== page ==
Suspicion and mistrust of Western medicine led Muslim religious leaders in three northern states of Nigeria to call for the 2003 boycott of the national polio vaccine campaign, according to a historical analysis in PLoS Medicine. The boycott led to fresh outbreaks of polio in Nigeria.
Ayodele Samuel Jegede (University of Ibadan, Nigeria), author of the analysis, says that the boycott needs to be considered in its proper historical and political context.
“The polio vaccination boycott,” says Jegede, “should not be considered in isolation, but rather in the context of the history of orthodox health services in northern Nigeria. Generally, utilization rates of orthodox health-care services in the region have always been low.”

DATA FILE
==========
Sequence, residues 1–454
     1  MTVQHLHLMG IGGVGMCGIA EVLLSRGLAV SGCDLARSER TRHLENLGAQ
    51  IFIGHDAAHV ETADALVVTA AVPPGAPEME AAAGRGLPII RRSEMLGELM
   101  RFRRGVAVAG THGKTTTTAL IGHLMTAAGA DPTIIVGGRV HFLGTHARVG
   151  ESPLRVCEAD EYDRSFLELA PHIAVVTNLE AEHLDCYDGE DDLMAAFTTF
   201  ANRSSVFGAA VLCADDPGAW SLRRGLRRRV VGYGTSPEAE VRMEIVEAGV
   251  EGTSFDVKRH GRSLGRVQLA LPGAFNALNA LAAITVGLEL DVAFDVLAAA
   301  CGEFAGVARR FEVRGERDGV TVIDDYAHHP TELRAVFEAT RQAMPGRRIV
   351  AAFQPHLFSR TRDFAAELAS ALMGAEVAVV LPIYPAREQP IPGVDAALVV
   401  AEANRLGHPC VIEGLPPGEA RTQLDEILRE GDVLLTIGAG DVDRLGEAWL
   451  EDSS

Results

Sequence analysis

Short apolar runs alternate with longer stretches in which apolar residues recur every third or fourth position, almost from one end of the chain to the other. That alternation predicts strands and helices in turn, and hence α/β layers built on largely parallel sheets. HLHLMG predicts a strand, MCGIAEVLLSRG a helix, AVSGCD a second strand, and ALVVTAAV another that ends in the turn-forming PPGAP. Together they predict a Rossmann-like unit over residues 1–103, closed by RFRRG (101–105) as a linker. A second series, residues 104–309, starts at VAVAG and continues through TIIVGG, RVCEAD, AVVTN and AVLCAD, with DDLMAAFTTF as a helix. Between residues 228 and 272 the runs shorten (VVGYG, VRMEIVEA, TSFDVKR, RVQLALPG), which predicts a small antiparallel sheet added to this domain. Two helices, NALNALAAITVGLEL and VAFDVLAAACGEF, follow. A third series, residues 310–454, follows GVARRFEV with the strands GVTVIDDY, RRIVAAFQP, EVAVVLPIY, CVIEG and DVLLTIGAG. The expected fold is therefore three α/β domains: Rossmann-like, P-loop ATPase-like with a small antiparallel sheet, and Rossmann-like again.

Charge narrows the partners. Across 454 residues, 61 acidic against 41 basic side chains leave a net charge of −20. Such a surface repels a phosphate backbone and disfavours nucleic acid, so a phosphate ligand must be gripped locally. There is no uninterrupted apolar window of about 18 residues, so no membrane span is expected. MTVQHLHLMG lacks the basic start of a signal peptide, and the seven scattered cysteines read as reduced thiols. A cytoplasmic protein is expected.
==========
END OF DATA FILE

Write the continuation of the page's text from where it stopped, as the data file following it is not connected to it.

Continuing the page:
In addition, says Jegede, Nigeria’s transition from a northern-led military regime to a southern-led democracy may have contributed to the boycott. “These changes have resulted in political tensions between the south and north. These tensions might explain why the religious leaders in northern states who boycotted the polio immunization campaign believed that the southern-led federal government was acting in the interestsof Western powers.”
It is important to learn lessons from the boycott, says the author, in order to prevent further boycotts of life-saving health interventions. “One lesson from the Kano boycott is that research is needed to investigate why people have concerns and fears about vaccination, and what steps should be taken to avoid boycotts in the future.”